The experiments described in the present work were aimed at screening the capacity of a class of suramin derivatives to inhibit PrPSc accumulation in cell culture. The molecular mechanisms of these agents on the metabolism and cellular trafficking of PrPc were examined in different cell lines. Of the compounds tested, only those with symmetrical bipolar structure and sulfonic acid groups showed potent inhibition of PrPSc synthesis. Two half-molecules lacking symmetrical structure had no effect on PrPSc accumulation, nor had an uncharged compound despite its symmetrical aromatic structure. Effective compounds analysed here induced aggregation of PrPc and reduced its half-life without affecting PrPc cell surface expression. Furthermore, cell surface expression of PrPc was crucial for their activity. These findings outline the fact that suramin analogues interfere with PrPSc propagation either by a crosslinking mechanism or by inducing misfolding of the protein, thereby deterring the essential substrate for prion propagation.
Materials and Methods
Reagents and antibodies
Suramin (Bayer) was dissolved in NaCl (0.9%) at a stock dilution of 200 mg/ml. Of the suramin analogues, NF449, NF023 and NF007 were purchased from Calbiochem and ANTS from Molecular Probes. All other substances were synthesised in-house and their structures were confirmed by NMR according to methods previously published (Hohenegger and Klinger, 1998; Hulsmann et al., 2003; Kassack et al., 2004). N,N′-bis(3,6-di-tert-butylphenyl)-3,4,9,10-perylendicarboximide (NN) was purchased from Sigma. Stock dilutions of 200 mg/ml were made in H2O. All compounds were protected from light and kept at 4°C. Cell culture media and trypsin-EDTA were from Invitrogen. Protein A-Sepharose was from Amersham Biosciences. PNGase F and Pefabloc proteinase inhibitor were from Roche Molecular Biochemicals. Sulfo-X-NHS biotin and horseradish peroxidase-conjugated streptavidin were obtained from Pierce and trypsin inhibitor and Brefeldin-A (BFA) from Sigma. FuGene transfection reagent and leupeptin were from Roche Molecular Biochemicals. Monoclonal PrP-specific antibody 3F4 (Signet Pathology) recognises the sequence encompassing amino acids 109 and 112 in hamster and human PrP. Monoclonal mouse anti-PrP antibody 4H11 was generated using a dimeric murine PrP as an immunogen (E. Kremmer, National Research Center for Environment and Health, Munich, Germany, personal communication). Polyclonal anti-PrP specific antibody A7 was obtained in our laboratories after immunisation of rabbits with recombinant dimeric mouse PrP. Monoclonal anti-HA was from Santa Cruz Biotechnology and anti-actin antibodies from Sigma.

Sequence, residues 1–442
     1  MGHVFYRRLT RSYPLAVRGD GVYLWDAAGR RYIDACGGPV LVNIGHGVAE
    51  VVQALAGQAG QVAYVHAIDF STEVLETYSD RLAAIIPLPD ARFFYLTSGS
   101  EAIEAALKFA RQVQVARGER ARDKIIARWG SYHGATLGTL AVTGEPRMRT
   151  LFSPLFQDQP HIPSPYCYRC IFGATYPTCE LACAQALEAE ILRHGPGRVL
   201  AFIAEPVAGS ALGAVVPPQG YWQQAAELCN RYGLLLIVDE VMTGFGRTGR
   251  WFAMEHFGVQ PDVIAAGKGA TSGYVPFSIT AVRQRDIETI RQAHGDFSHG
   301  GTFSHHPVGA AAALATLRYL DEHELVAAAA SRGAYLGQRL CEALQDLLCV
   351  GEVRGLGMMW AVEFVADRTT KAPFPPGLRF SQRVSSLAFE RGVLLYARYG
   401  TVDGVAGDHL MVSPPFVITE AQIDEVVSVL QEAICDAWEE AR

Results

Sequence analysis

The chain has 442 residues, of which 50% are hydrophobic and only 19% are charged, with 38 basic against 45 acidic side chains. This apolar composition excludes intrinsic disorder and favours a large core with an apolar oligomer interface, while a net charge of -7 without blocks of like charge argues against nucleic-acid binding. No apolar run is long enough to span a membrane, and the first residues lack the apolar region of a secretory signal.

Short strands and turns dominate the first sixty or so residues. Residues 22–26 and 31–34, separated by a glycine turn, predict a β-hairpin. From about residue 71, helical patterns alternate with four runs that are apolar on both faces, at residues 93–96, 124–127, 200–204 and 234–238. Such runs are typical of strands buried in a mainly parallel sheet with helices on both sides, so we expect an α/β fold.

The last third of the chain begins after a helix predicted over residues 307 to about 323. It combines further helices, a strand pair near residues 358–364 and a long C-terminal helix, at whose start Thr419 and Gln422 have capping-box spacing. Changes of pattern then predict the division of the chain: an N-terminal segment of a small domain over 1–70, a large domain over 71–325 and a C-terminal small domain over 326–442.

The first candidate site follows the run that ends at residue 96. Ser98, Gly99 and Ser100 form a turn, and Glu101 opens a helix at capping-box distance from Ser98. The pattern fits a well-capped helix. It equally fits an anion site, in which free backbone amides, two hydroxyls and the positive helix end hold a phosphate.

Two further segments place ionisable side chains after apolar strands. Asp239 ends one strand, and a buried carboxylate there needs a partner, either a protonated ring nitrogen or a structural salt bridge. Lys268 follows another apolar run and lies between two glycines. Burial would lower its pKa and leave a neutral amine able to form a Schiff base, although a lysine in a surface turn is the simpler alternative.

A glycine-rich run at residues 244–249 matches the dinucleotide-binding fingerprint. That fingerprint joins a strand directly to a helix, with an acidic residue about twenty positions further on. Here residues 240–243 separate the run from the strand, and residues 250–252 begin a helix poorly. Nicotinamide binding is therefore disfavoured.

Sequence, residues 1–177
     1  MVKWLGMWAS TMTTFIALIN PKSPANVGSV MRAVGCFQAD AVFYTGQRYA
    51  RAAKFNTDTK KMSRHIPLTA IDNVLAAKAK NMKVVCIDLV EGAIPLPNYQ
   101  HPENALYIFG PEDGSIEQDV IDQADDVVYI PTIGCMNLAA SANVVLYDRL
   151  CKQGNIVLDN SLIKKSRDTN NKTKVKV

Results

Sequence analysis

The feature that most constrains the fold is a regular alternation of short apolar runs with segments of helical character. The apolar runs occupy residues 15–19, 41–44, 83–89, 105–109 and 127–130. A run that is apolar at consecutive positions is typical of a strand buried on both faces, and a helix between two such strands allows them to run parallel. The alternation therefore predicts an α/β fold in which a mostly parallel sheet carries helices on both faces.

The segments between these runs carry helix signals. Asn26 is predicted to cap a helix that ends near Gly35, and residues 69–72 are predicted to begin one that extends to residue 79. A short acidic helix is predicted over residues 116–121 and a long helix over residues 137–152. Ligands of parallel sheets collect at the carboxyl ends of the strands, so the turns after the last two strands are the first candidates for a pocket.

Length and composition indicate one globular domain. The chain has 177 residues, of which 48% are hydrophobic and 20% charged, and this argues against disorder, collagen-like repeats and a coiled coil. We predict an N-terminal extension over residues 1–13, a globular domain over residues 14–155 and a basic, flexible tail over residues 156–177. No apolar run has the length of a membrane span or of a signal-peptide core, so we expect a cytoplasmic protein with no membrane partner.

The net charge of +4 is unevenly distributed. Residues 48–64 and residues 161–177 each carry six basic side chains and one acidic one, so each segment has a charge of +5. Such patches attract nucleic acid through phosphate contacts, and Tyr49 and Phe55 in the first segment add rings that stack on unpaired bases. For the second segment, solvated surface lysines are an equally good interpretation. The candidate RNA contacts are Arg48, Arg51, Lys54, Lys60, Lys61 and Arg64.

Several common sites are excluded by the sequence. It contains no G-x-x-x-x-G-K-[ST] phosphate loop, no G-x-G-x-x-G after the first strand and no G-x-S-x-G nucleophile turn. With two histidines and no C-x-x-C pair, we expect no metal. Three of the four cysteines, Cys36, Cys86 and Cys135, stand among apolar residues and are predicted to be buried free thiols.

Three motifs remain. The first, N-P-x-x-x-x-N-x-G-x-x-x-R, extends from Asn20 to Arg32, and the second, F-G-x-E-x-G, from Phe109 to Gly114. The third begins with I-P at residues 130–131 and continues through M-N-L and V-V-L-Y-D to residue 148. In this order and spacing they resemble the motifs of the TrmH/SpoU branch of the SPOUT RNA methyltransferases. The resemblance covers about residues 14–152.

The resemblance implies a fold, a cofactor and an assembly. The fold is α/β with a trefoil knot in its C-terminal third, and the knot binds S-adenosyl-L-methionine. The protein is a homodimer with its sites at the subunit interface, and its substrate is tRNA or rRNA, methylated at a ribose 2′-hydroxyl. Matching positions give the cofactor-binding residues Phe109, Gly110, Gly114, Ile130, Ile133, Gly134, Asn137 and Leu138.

Cell culture and expression of PrP constructs
The mouse neuroblastoma cell line N2a (ATCC CCL 131) has been described (Butler et al., 1988; Schatzl et al., 1997). 3F4-N2a and 3F4-ScN2a cells represent stably transfected clones that overexpress 3F4-epitope-tagged murine PrP. 3F4-ScN2a cells were persistently infected with RML prion strain. WtN2a cells represent stably transfected N2a cells overexpressing wild-type murine PrPc. Cells were maintained in Dulbecco's modified Eagle's (DMEM) or Opti-MEM medium containing 10% foetal calf serum (FCS), penicillin/streptomycin and glutamine in a 5% CO2 atmosphere. The medium was changed every 48 hours. For stable and transient transfections, PrP constructs were cloned into the pcDNA3.1/Zeo expression vector (Invitrogen). Lipofection of cells with recombinant plasmids was carried out according to manufacturer's directions. For stable transfection, recombinant clones were selected by addition of 300 μg/ml of Zeocin (Invitrogen). N2a cells were lysed 72 hours post transient transfection. Construction of PrP chimeric constructs was done by PCR-based standard techniques using 3F4-tagged mouse PrP as a template. Insertion of appropriate restriction sites allowed cloning of PCR fragments into the multiple cloning site of the vector pcDNA3.1/Zeo using standard cloning techniques. A PrP-CD4 encompassing the C-terminal 62 amino acids of the murine CD4 protein in the vector pSPOX was courteously provided by S. B. Prusiner (Taraboulos et al., 1995). A fragment of this construct encompassing PrP residues 94-231 and the CD4 fragment was subcloned into the vector pcDNA3.1 using KpnI and XhoI sites. A PrP fragment (amino acids 1-93) containing a Flag epitope between residues 22 and 23 was inserted into this vector. Thy-1 protein without the N-terminal signal peptide was obtained by RT-PCR using RNA prepared from murine NIH 3T3 cells as a template (amino acids 20-162). This sequence was inserted into the pcDNA 3. 1. vector in which the PrP signal peptide followed by HA epitope had been cloned. For cloning of PrP-LAMP, a PCR fragment encompassing the transmembrane and cytoplasmic region of the murine LAMP-1 protein (amino acids 348-382) was generated from murine genomic DNA and was fused to a truncated 3F4-PrP comprising residues 1-231. All constructs were verified by nucleic acid sequencing.